The Ideal Distance Between Indeterminate Tomato Plants
Short, compact varieties of tomato plants (Lycopersicon esculentum) grow to a certain height and blossom and bear tomatoes in a short harvest period. Tall, sprawling tomato plants — called indeterminates — continue to grow, flower and bear tomatoes until they are killed by the first fall frost. Normally, these larger tomato plants are supported by stakes or wire cages.
You can grow indeterminate tomato plants from seed or purchase transplants from a nursery, a frequent practice in areas with a short growing period. The seedlings need to be 6 to 8 inches tall until you plant them on your garden. After being watered thoroughly, they are best planted at least 2 inches deeper than they were at the grass. Planting tomato seedlings in the late day prevents them from losing water from drying soil. How far apart you plant them depends on whether you plan to support them using wire racks, staking them, or allowing them to sprawl on the ground.
Spacing Caged Indeterminate Tomatoes
Growing indeterminate tomatoes in acylinder or rectangular wire cages enables the plants to develop naturally and spares you the chore of having to occasionally tie the plant to a stake. You can purchase ready-make tomato cages from most garden supply centers or make one yourself by bending wire fencing or even concrete reinforcing wire to your cylinder. A supporting cage should have openings of 6 inches between the wires so that you may reach into harvest tomatoes. Indeterminate tomato plants require a cage that’s out of 18 to 36 inches wide and 6 ft tall. If you use a cage to back up your plants, allow 24 to 30 inches of space between plants and 30 to 42 inches between rows.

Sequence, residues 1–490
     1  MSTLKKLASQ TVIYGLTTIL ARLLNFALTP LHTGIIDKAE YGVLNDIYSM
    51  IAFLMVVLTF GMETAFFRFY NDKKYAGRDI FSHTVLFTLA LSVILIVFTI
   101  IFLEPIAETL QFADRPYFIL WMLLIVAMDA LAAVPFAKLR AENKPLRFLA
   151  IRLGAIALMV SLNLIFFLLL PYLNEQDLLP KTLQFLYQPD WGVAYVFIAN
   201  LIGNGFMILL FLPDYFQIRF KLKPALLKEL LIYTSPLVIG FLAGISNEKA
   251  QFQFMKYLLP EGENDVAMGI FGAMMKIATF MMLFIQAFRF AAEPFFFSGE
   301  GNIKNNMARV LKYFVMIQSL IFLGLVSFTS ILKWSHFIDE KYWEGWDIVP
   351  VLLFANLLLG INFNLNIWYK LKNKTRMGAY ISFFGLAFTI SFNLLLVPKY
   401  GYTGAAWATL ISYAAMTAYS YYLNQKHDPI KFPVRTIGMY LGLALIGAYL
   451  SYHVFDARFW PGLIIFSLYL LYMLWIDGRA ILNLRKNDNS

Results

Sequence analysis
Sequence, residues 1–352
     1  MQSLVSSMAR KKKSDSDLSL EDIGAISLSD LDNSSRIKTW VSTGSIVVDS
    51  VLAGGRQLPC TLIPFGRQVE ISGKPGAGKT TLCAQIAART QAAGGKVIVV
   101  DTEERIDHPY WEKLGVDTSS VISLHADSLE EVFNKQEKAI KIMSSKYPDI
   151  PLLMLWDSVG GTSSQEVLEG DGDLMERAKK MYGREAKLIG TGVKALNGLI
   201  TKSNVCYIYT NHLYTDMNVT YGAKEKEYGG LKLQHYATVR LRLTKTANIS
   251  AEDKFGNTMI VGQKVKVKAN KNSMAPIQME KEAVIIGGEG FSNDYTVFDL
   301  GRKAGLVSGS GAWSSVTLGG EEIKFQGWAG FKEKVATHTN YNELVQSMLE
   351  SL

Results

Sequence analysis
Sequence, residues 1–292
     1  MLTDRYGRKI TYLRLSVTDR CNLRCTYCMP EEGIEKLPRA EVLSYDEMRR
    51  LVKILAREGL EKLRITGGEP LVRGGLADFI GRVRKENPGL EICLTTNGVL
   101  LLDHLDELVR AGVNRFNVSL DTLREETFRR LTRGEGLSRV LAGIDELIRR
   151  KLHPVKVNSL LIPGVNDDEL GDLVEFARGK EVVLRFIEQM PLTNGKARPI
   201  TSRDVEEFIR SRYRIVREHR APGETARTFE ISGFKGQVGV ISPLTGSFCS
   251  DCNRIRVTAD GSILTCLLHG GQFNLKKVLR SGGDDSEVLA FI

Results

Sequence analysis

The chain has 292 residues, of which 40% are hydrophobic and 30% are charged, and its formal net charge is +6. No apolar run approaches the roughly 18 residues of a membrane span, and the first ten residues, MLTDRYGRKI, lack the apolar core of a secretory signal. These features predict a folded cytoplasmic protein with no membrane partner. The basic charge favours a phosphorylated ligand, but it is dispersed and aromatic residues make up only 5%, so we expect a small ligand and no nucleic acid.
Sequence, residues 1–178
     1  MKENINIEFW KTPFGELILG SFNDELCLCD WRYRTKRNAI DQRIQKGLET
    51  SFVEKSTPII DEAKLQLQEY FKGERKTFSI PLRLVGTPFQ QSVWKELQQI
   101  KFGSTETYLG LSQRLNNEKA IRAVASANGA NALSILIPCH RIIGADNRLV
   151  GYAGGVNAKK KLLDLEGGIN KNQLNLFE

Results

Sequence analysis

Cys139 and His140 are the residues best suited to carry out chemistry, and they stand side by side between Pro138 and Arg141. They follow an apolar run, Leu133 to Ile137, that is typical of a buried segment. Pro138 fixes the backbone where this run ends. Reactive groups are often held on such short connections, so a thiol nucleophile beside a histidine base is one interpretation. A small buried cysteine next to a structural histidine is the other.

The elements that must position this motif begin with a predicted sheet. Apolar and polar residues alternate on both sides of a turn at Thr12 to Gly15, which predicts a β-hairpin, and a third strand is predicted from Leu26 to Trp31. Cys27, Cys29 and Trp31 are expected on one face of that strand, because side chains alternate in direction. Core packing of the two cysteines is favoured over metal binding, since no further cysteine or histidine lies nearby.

Spacing Staked Indeterminate Spaces
Indeterminate plants backed by bets also require 24 to 30 inches of space between plants and 30 to 42 inches between rows. Sturdy wooden stakes, 6 ft long and 1 1/2 to 2 inches broad are pressured 1 foot into the soil from 4 to 6 inches apart from the indeterminate tomato plant. As the tomato plant grows, gardeners use twine or strips of fabric to tie the tomatoes to the stake every 10 inches.
Spacing Indeterminate Tomatoes that Sprawl
Indeterminate tomatoes can be permitted sprawl out on the ground rather than being staked or caged. However, this more frequently done with determinate tomatoes because the larger indeterminate plants develop in a snarl making the tomatoes difficult to harvest. Tomatoes lying around the soil is an an invitation to decay; placing landscape fabric or mulch around the ground may help guard them. If you allow them to sprawl, plant them 3 to 4 ft apart using 4 to 5 feet between rows.